January 06, 2016
Area(s) of Interest: Amicus Briefs Licensing & Regulatory Issues
The California Medical Association (CMA) and nine other physician organizations filed an amicus brief asking the Supreme Court of California to review an appeals ruling that would have significant, widespread negative impact on the health care industry, undermining a California law designed to protect physicians from "silent PPOs."
Robust managed health care provider networks and reasonable reimbursement for medical services are vital to ensuring adequate accessibility and the highest quality of medical care. A historical and ongoing threat to these goals is the silent PPO problem, whereby health plans unilaterally and stealthily conscript their network providers into servicing third parties at discounted in-network rates without affording the providers any benefits in return.
To combat this problem, the California legislature in 2003 passed a CMA-sponsored bill (AB 175) to prevent the improper use of a health provider's contract in the event that a plan rents the provider network to a third party, such as a union trust fund, self-insured employer or another plan, for their use in obtaining discounted rates. The resulting statute (Health and Safety Code section 1375.7) requires that "when a contracting agent sells, leases or transfers a health provider's contract to a payor, the rights and obligations of the providers shall be governed by the underlying contract between the health care provider and the contracting agent."
In this case, a union’s benefits trust – the United Food and Commercial Workers and Employers Benefits Trust (UEBT) – contracted with Blue Shield of California to access the insurer's provider network – which included Sutter Health – at in-network rates. The underlying contract between Blue Shield and Sutter Health included an arbitration agreement, which would be enforceable against UEBT pursuant to Health and Safety Code section 1375.7.
In 2014, UEBT filed a suit against Sutter Health alleging that the health system overcharged millions of workers for health care. Sutter requested binding arbitration, as stipulated in its contract with Blue Shield. The trial court in this case ruled – and the appeals court agreed – that Sutter couldn’t compel UEBT to arbitrate its claims of antitrust and unfair competition because the union was not a party to the “provider contract" between Blue Shield and Sutter. The court also ruled that section 1375.7 did not apply because Blue Shield did not technically “sell, lease or transfer” Sutter’s provider contract to UEBT, even though the union trust clearly made arrangements to take advantage of Sutter’s services and discounted rates.
CMA’s amicus brief argues that the appeals court misguidedly and narrowly focused on the statute's terms of "sells, leases or transfers." The court ruled that because UEBT merely "accessed" the network, the union is not bound by the arbitration agreement contained in the underlying contract.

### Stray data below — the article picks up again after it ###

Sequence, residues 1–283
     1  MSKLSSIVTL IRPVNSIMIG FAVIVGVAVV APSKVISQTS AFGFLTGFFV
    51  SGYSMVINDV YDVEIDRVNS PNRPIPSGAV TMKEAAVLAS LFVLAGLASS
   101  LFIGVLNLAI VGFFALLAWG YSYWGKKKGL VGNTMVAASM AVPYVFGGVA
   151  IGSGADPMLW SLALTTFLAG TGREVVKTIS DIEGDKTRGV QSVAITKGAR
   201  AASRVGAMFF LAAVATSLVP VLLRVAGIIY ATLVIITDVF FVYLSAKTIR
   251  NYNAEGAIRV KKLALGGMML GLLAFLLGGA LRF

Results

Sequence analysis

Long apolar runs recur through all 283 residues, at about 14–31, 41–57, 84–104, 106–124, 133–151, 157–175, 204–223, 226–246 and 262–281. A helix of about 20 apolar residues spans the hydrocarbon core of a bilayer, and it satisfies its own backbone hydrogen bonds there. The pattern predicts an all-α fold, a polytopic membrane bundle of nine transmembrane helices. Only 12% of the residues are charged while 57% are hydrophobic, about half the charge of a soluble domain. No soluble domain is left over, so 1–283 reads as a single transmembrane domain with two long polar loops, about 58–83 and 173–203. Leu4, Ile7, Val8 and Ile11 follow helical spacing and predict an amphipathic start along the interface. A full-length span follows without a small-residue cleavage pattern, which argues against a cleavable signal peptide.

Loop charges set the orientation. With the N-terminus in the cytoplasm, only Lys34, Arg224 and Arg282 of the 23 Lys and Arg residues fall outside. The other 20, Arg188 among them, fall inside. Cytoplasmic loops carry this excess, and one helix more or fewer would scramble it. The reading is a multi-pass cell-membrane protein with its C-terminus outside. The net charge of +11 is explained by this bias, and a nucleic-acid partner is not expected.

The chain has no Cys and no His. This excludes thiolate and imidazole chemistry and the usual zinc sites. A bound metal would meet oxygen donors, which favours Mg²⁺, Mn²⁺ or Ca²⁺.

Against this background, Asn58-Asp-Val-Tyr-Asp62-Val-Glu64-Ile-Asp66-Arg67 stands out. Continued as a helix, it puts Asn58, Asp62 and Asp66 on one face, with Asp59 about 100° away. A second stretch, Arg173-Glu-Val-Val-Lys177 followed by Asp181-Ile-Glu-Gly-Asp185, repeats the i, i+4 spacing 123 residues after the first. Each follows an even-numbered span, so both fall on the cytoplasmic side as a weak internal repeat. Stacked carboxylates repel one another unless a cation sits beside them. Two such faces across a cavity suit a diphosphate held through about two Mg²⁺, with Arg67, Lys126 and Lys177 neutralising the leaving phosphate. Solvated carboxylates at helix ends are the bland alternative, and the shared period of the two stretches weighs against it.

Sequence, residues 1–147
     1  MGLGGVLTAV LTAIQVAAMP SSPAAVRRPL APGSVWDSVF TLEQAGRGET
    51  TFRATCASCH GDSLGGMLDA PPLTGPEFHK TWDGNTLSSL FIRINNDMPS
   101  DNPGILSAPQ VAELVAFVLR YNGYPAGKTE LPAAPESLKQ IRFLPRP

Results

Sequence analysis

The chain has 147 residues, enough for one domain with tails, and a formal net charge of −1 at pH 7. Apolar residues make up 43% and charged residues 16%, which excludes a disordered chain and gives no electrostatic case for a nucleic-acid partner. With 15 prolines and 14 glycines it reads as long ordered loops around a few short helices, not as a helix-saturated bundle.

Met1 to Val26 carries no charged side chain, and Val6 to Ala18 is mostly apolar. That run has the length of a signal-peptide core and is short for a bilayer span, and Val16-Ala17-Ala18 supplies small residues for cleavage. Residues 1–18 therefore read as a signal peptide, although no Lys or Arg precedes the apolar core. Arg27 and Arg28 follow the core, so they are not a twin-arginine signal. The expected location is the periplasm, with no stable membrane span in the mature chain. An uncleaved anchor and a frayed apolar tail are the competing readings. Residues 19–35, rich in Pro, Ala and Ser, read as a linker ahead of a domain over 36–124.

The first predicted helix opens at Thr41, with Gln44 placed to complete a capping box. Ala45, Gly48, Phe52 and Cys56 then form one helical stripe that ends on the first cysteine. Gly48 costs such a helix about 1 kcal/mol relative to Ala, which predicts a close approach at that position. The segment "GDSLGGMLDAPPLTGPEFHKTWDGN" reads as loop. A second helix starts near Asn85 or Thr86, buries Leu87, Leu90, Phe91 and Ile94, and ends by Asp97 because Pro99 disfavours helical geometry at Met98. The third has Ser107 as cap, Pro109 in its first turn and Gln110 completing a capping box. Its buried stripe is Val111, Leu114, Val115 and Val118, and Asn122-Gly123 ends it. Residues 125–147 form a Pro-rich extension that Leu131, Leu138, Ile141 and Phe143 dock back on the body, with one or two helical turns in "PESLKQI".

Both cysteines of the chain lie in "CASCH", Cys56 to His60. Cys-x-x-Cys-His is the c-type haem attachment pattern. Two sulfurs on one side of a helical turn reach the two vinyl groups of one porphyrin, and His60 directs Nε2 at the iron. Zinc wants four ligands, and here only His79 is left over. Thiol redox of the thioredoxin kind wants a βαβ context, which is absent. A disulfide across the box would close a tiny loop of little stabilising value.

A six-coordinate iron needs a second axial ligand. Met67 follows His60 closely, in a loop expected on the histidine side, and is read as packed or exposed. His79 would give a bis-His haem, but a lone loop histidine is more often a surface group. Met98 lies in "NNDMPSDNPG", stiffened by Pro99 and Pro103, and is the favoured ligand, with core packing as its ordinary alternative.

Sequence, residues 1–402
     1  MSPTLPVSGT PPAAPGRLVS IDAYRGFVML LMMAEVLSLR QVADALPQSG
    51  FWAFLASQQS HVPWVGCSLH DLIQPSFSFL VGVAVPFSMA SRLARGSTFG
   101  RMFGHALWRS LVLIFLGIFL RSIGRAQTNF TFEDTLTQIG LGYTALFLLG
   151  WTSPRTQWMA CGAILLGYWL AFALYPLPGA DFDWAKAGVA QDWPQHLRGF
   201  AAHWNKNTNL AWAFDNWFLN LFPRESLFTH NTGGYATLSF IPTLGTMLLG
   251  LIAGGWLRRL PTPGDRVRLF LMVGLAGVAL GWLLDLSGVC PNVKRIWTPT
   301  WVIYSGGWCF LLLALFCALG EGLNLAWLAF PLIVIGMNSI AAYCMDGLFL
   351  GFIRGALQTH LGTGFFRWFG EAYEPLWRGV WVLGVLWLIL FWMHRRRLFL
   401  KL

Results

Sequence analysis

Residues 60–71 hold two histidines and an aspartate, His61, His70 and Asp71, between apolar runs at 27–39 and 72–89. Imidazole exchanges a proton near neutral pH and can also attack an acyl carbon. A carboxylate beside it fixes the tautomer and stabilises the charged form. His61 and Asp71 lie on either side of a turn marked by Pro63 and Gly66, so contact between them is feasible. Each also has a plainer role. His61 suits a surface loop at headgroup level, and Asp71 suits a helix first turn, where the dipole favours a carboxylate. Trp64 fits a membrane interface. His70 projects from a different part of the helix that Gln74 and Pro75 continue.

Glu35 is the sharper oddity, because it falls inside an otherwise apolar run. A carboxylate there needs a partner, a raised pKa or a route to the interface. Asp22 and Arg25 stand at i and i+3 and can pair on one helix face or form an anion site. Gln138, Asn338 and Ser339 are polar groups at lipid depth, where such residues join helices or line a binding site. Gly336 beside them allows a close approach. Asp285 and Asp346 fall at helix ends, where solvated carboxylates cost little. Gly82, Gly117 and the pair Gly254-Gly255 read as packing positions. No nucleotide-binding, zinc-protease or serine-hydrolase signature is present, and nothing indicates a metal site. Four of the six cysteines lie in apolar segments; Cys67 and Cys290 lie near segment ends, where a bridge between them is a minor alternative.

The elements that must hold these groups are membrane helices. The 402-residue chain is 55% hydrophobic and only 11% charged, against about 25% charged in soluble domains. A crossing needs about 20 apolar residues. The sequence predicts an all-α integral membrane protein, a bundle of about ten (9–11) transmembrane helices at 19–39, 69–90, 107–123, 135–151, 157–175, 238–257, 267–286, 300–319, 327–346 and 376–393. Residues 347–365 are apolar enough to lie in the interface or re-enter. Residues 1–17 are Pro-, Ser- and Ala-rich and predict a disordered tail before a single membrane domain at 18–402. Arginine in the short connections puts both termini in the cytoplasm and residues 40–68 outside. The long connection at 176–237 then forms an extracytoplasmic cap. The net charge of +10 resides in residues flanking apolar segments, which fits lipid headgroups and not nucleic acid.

"The Court of Appeal myopically reads AB 175 out of context and without regard to the statutory scheme enacted by the Legislature to address silent PPO problems rampant in the late 1990s and early 2000s," CMA and the other physician organizations wrote in the brief. "It would be implausible that the legislature intended for third party payors to be able to avoid their obligations to providers on technical grounds, based on the specific manner in which they access provider discounts."
The brief argues that the appeals court's interpretation of the statute is too narrow, out of context and to the detriment of providers, while giving a windfall to third-party payors and health plans.
"The opinion severely limits the protections of section 1375.7 to the point that it no longer can guarantee that providers continue to receive the advantages and benefits of joining a health plan network when their services are accessed by third-party payors," the brief said. "In short, the Court of Appeal's opinion eviscerates the primary statutory remedy against silent PPOs and could threaten provider network adequacy and patient access to care."
The other physician groups signing on to this amicus brief include the American College of Emergency Physicians (California Chapter); California Academy of Family Physicians; California Orthopaedic Association; California Psychiatric Association; California Radiological Society; California Society of Pathologists; Latino Physicians of California; Medical Oncology Association of Southern California, Inc.; and the Osteopathic Physicians and Surgeons of California.
The Supreme Court is expected to rule on Sutter’s petition for review in early February.
Contact: CMA's legal information line, (800) 786-4262 or email@example.com.